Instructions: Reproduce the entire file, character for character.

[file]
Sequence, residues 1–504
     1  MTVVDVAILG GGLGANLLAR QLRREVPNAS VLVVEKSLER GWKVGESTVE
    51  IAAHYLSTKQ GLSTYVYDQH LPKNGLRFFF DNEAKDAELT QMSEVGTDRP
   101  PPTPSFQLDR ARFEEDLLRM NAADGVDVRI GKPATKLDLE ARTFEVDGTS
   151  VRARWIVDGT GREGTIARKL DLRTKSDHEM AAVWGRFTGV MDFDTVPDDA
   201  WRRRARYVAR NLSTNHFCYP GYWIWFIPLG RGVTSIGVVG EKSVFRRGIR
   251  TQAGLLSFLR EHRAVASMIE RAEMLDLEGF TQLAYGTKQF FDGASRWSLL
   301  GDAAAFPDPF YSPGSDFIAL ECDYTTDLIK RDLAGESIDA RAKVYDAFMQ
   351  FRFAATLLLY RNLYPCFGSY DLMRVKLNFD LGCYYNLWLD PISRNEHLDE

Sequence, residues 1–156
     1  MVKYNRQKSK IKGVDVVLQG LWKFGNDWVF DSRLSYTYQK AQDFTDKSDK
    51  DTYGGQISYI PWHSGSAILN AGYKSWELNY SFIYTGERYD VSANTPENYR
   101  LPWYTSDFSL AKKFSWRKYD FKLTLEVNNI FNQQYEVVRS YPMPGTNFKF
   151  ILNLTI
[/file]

Sequence, residues 1–504
     1  MTVVDVAILG GGLGANLLAR QLRREVPNAS VLVVEKSLER GWKVGESTVE
    51  IAAHYLSTKQ GLSTYVYDQH LPKNGLRFFF DNEAKDAELT QMSEVGTDRP
   101  PPTPSFQLDR ARFEEDLLRM NAADGVDVRI GKPATKLDLE ARTFEVDGTS
   151  VRARWIVDGT GREGTIARKL DLRTKSDHEM AAVWGRFTGV MDFDTVPDDA
   201  WRRRARYVAR NLSTNHFCYP GYWIWFIPLG RGVTSIGVVG EKSVFRRGIR
   251  TQAGLLSFLR EHRAVASMIE RAEMLDLEGF TQLAYGTKQF FDGASRWSLL
   301  GDAAAFPDPF YSPGSDFIAL ECDYTTDLIK RDLAGESIDA RAKVYDAFMQ
   351  FRFAATLLLY RNLYPCFGSY DLMRVKLNFD LGCYYNLWLD PISRNEHLDE

Sequence, residues 1–156
     1  MVKYNRQKSK IKGVDVVLQG LWKFGNDWVF DSRLSYTYQK AQDFTDKSDK
    51  DTYGGQISYI PWHSGSAILN AGYKSWELNY SFIYTGERYD VSANTPENYR
   101  LPWYTSDFSL AKKFSWRKYD FKLTLEVNNI FNQQYEVVRS YPMPGTNFKF
   151  ILNLTI